• Chronic Antidepressant Treatment Alters Serotonergic Regulation Of Gaba Transmission In Prefrontal Cortical Pyramidal Neurons, by P. Zhong And Z. Yan, Neuroscience 129 (2004) 65–73
  • Transcript of February 2, 2004, FDA meeting on SSRIs (Selective Serotonin Re-uptake Inhibitor antidepressants) and children suicides contains many first hand accounts of children committing suicide on SSRIs.
  • Background Comments for February 2, 2004 Meeting of Psychopharmacological Drugs Advisory Committee (PDAC) and Pediatric Subcommittee of the Anti-Infective Drugs Advisory Committee (Peds AC), by Thomas P. Laughren, M.D., Food and Drug Administration Center for Drug Evaluation and Research, January 5, 2004. 
  • Lines of Evidence on the Risks of Suicide with Selective Serotonin Reuptake Inhibitors, by David Healy, M.D., Psychotherapy and Psychosomatics, 2003;72-71-79.  This study found that the long-suppressed data in the original clinical trials as well as epidemiological studies  indicated a dose dependent link for both agitation and suicidality.  The study concluded that the data indicate a possible doubling of the relative risk of both suicides and suicde attempts on SSRIs compared with the older anti-depressants and non-treatment.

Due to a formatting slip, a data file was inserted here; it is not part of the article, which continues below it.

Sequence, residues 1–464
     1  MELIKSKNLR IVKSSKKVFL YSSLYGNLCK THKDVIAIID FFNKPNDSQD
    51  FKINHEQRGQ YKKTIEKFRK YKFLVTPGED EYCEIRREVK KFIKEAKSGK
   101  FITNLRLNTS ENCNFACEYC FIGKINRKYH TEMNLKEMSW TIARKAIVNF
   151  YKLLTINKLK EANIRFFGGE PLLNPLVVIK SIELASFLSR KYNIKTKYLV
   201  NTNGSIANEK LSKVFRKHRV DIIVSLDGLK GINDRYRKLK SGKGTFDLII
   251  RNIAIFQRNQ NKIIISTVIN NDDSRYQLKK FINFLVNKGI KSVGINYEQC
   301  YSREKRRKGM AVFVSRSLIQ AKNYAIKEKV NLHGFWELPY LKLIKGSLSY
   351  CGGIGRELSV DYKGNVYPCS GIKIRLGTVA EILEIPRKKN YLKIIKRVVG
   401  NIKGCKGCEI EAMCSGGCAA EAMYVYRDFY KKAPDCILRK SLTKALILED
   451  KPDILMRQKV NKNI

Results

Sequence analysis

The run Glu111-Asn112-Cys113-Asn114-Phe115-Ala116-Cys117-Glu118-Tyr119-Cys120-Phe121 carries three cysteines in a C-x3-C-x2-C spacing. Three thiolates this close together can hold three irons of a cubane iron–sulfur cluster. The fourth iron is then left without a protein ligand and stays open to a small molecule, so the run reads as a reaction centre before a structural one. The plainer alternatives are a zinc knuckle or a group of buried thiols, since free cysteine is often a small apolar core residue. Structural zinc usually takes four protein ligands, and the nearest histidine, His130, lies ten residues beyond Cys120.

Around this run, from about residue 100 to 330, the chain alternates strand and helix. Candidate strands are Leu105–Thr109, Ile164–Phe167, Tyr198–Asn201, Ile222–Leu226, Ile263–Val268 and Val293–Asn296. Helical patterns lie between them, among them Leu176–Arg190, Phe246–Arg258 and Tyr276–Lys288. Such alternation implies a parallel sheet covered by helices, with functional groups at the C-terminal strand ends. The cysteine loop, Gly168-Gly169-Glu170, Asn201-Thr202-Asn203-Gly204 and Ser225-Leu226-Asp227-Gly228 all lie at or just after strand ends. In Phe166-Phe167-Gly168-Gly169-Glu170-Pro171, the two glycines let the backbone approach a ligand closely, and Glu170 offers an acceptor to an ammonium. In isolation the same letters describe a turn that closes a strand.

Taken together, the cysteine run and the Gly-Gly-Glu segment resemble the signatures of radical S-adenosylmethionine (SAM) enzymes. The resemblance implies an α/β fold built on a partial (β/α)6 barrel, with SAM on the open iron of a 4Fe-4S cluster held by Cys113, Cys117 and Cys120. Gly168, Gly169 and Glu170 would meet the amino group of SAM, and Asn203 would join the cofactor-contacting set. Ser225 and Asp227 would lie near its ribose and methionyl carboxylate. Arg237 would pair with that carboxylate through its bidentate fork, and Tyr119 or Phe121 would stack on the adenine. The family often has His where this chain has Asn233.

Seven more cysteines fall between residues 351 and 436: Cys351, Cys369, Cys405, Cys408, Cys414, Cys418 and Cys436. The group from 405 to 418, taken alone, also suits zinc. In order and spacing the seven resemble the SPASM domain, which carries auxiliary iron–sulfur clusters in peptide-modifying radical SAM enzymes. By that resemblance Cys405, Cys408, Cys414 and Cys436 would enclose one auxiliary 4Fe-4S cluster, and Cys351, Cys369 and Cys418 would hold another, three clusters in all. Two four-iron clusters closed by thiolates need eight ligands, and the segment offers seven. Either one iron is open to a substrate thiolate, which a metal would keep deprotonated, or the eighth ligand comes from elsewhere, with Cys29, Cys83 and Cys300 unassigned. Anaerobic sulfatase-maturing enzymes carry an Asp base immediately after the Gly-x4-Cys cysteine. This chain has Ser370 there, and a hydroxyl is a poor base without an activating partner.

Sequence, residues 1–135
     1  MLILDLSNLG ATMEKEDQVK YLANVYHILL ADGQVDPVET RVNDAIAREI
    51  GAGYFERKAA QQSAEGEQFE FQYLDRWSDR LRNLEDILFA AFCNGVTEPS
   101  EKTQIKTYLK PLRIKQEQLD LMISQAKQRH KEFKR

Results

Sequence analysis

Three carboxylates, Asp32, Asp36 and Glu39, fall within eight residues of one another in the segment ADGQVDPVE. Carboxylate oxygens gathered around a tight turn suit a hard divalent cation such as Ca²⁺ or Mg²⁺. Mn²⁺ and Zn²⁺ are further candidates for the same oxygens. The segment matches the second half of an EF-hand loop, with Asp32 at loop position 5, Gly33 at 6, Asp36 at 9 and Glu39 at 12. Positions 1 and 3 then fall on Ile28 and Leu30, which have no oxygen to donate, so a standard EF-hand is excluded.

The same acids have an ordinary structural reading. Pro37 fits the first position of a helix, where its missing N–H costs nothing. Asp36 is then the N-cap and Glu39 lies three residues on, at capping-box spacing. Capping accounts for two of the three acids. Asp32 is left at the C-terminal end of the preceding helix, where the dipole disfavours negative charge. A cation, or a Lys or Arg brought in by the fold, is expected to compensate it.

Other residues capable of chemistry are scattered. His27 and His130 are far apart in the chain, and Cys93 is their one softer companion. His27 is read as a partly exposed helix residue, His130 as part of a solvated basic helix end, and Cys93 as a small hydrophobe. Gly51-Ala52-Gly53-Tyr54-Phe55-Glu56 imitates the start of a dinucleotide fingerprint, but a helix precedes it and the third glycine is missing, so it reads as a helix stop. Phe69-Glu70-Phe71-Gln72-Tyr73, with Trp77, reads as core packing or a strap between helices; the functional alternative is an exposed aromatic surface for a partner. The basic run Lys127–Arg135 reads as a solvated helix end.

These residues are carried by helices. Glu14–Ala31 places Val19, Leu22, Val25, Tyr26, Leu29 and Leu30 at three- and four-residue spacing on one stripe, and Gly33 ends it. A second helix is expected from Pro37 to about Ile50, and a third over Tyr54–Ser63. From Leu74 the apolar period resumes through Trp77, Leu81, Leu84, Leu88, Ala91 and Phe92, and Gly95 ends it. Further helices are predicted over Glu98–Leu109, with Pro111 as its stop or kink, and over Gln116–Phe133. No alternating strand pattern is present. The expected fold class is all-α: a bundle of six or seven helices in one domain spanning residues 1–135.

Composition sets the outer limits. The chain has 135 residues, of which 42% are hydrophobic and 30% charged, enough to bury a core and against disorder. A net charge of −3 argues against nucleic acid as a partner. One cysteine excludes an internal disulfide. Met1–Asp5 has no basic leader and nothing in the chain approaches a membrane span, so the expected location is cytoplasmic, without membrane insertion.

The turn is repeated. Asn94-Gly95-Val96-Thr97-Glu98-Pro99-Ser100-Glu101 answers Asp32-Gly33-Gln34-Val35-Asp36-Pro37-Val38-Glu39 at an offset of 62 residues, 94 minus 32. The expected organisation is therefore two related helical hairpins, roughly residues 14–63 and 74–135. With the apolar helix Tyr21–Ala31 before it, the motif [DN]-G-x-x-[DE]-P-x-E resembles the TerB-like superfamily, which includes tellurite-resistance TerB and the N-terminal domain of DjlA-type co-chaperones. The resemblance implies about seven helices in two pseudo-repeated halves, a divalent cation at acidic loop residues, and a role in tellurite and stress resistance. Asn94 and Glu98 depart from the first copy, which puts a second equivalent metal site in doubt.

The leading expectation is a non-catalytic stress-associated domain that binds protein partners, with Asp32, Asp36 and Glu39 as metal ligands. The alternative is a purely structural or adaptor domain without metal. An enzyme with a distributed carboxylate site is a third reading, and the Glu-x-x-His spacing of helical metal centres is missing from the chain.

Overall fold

• Suicidality, violence and mania caused by selective serotonin reuptake inhibitors (SSRIs): A review and analysis, by Peter R. Breggin.  International Journal of Risk & Safety in Medicine 16 (2003/2004) 31–49.  This paper shows that evidence from many sources confirms that selective serotonin reuptake inhibitors (SSRIs) commonly cause or exacerbate a wide range of abnormal mental and behavioral conditions. These adverse drug reactions include the following overlapping clinical phenomena: a stimulant profile that ranges from mild agitation to manic psychoses, agitated depression, obsessive preoccupations that are alien or uncharacteristic of the individual, and akathisia. Each of these reactions can worsen the individual’s mental condition and can result in suicidality, violence, and other forms of extreme abnormal behavior. Evidence for these reactions is found in clinical reports, controlled clinical trials, and epidemiological studies in children and adults. Recognition of these adverse drug reactions and withdrawal from the offending drugs can prevent misdiagnosis and the worsening of potentially severe iatrogenic disorders. These findings also have forensic application in criminal, malpractice, and product liability cases.